filed: January 23, 1989.
MARTIN S. JAINDL, RESPONDENT,
DOROTHY J. JAINDL MYERS, PETITIONER
Petition No. 252 E.D. Allocatur Docket 1988 for Allowance of Appeal from the Order of Superior Court dated December 30, 1987, at No. 01009 Philadelphia 1987, 375 Pa. Super. 628, 541 A.2d 36, reversing order of Court of Common Pleas of Montgomery County entered March 5, 1987, Civil No. 84-7026. Prior Report: 375 Pa. Super. 628, 541 A.2d 36.
Nix, C.j., files a dissenting opinion.
Author: Per Curiam
[ 520 Pa. Page 147]
ORDER OF COURT
Petition for allowance of appeal is granted, the order of the Superior Court is reversed on the basis of Karis v. Karis, 518 Pa. 601, 544 A.2d 1328 (1988), and the order of the Court of Common Pleas of Montgomery County is reinstated.
NIX, Chief Justice, dissenting.
[ 520 Pa. Page 148]
By today's order, the majority has taken another unnecessary and unwise step away from a longstanding and beneficial rule governing the modification of court-ordered child custody arrangements. Because today's decision is based on Karis v. Karis, 518 Pa. 601, 544 A.2d 1328 (1988), it is implicitly a statement that the original custody order involved in the instant case was modifiable without proof of a "substantial change in circumstances."
Prior to this Court's decision in Karis v. Karis, a well settled rule in this Commonwealth was that modification of a child-custody order had to be based on a "substantial change in circumstances" and the "best interests" of the child. In re Estate of R.L.L., 487 Pa. 223, 409 A.2d 321 (1979); Commonwealth ex rel. v. Daven, 298 Pa. 416, 148 A. 524 (1930); Parker v. MacDonald, 344 Pa. Super. 552, 496 A.2d 1244 (1985); Commonwealth v. Bishop, 185 Pa. Super. 362, 137 A.2d 822 (1958); Commonwealth ex rel. Teitelbaum v. Teitelbaum, 160 Pa. Super. 286, 50 A.2d 713 (1947).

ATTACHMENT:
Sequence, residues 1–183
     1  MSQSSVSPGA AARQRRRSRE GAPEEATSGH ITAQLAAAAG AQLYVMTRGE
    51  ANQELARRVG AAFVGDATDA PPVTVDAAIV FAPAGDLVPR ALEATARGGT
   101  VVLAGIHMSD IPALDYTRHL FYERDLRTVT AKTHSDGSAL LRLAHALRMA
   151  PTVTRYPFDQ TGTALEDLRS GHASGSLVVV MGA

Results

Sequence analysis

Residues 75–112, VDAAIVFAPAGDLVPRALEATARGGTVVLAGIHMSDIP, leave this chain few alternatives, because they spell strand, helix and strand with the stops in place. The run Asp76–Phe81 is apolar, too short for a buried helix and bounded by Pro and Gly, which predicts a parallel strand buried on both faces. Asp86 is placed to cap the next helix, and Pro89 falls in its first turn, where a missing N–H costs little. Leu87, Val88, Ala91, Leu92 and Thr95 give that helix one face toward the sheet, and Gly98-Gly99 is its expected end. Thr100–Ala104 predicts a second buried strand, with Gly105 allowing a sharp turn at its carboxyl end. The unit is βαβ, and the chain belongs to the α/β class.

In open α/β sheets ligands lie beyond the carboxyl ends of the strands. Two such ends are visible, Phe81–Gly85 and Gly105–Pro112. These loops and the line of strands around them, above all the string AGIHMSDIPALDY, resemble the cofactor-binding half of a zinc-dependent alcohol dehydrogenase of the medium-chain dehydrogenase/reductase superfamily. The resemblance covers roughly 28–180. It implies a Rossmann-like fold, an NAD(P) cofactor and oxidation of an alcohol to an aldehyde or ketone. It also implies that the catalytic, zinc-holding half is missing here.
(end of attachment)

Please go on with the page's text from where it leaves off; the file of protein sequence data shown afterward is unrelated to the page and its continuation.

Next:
In connection with the principle last mentioned, the Superior Court established a rule requiring that, on a petition to change an existing child-custody order, the petitioner had to show, as a threshold matter, that there had been a "substantial change in circumstances." Constant A. v. Paul C.A., 344 Pa. Super. 49, 496 A.2d 1 (1985); Agati v. Agati, 342 Pa. Super. 132, 492 A.2d 427 (1985); Fatemi v. Fatemi, 339 Pa. Super. 590, 489 A.2d 798 (1985); Hartman v. Hartman, 328 Pa. Super. 154, 476 A.2d 938 (1984); Daniel K.D. v. Jan M.H., 301 Pa. Super. 36, 446 A.2d 1323 (1982). Unless the petitioner met that initial burden, a court would not re-examine the previous judicial determination as to custody. E.g., Constant A. v. Paul C.A., supra; Agati v. Agati, supra. The previous adjudication carried with it a presumption that it was in the "best interests" of the child.